Want to build a fully functional tree test the easy way? Here at UserQ, we’ve got the tools you need to get insightful, digestible data from simple-to-set-up tree tests. You’ll be levelling up your brand’s digital experiences in no time.
But what is a tree test? What are they used for? And why is UserQ the best place for creating high-quality remote tests for the MENA region, like tree tests?
In this how-to guide, we provide a step-by-step tutorial on how to create, run, and analyse a tree test using our platform.
A tree test is a type of user research tool that evaluates the findability of certain topics and pages on your website information architecture (how your website content is organised and labelled). In other words, tree tests show how easy it is for users to navigate your site and find the stuff they need when browsing it.
Tree testing answers questions like:
Tree tests are most commonly used for evaluating websites, however, they’re also super effective for apps. By analysing the data collected from a tree test, you can identify certain pain points of your website/app and improve its information architecture – according to what users found easy and difficult.
Tree tests are also an effective way of obtaining results specific to certain demographics. Based on the tester panel that you create, our tree test platform will give you results that take a variety of cultural and language considerations into account.
Tip: we recommend carrying out tree tests early on in the design process to maximise the time available for you to make any necessary changes and edits to your digital product.
Tree testing is split into two main components: the tree and the tasks.
The tree is essentially just a text-only version of your website site architecture…it’s what participants will first look at and attempt to navigate.
The tasks are questions you set for your participants, based on their navigation of your tree ie. Where can you find our contact information?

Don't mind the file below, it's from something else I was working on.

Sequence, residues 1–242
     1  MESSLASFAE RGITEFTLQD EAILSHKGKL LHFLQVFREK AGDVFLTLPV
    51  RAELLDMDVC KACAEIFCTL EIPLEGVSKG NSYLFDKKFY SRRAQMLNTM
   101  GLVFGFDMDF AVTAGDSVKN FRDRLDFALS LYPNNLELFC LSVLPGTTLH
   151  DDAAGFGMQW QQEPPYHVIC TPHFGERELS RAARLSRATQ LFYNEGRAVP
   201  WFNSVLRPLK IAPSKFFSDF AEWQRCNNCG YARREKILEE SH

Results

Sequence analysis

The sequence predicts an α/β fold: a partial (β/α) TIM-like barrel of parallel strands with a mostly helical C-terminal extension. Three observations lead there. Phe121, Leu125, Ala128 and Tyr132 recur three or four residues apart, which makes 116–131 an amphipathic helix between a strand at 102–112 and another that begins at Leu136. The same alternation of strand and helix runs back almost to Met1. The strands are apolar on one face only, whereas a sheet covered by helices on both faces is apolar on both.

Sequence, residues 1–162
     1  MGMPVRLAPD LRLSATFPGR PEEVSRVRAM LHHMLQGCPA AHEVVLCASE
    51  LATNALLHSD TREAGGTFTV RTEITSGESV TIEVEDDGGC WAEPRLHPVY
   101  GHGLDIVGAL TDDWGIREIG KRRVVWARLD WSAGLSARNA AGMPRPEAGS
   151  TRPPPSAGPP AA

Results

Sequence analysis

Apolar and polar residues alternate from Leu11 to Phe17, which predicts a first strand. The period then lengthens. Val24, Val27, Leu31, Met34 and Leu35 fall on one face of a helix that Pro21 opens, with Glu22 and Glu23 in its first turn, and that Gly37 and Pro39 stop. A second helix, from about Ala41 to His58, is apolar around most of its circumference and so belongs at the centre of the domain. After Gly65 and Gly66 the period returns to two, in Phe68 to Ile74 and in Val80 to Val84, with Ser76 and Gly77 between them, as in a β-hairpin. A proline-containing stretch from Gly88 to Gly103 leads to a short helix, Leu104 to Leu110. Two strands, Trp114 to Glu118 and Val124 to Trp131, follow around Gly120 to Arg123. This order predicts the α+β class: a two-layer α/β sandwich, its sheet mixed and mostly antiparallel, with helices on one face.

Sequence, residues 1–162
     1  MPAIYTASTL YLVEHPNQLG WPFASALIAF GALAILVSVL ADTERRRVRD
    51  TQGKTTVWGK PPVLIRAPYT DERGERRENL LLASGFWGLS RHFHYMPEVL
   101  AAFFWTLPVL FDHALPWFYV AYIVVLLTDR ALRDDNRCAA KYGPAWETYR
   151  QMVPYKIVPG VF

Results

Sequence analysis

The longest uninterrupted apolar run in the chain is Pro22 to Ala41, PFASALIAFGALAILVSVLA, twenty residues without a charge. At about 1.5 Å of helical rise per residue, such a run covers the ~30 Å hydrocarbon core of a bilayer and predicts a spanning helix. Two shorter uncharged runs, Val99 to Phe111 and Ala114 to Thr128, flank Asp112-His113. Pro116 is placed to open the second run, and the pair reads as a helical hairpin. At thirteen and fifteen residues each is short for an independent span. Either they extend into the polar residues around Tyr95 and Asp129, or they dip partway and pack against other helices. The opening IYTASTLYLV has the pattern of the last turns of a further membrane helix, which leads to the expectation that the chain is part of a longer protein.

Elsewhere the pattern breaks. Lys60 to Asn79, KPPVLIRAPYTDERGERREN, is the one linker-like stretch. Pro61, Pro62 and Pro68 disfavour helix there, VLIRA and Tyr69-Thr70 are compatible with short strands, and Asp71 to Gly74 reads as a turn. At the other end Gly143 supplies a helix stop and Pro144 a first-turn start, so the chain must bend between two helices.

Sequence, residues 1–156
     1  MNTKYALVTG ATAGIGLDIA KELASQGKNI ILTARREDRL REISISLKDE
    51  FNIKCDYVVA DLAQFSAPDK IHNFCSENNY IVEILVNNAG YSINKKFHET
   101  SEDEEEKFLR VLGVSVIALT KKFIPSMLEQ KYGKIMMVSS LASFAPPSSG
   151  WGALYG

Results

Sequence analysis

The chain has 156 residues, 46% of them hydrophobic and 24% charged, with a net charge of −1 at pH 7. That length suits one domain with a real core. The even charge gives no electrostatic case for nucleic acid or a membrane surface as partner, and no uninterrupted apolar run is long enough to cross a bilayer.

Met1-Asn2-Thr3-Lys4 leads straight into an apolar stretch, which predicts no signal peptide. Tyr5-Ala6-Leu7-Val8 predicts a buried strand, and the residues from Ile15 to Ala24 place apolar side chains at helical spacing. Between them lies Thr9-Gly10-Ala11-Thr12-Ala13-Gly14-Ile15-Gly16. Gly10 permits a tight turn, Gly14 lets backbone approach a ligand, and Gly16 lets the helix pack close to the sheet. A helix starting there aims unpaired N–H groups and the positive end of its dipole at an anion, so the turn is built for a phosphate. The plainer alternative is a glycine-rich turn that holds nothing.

Let’s say you’re an online store selling furniture: you might task participants with where to find leather sofas. Or if you’re a video streaming service, you could task participants with where to upgrade their subscription to HD.
Tip: set your test objectives before creating your tree and writing up your questions. Decide what it is you’re testing and think about what your goals are:
Now that you’ve set some goals, it’s time to create your tree test…
From your personal dashboard, click ‘Create new test’ and then ‘Tree test’.
Select your test language (English or Arabic) and name your new test. Beware that whilst the researcher platform will not show in Arabic, the entire participant experience will be Arabic-friendly (from right to left). Therefore, if you do choose Arabic, remember to switch your keyboard to Arabic and make sure that all your test inputs are written correctly, including your tree test labels and question tasks (more on those soon).
Tip: remember, your test name is visible to participants. Make it appropriate.
This is your chance to introduce participants to the tree test they’re about to take part in.
By default, a generic title and description are already prepopulated. You can choose to proceed without making any changes to them, or personalise your own…
Tip: make your participants feel at ease – clarify test details before it begins.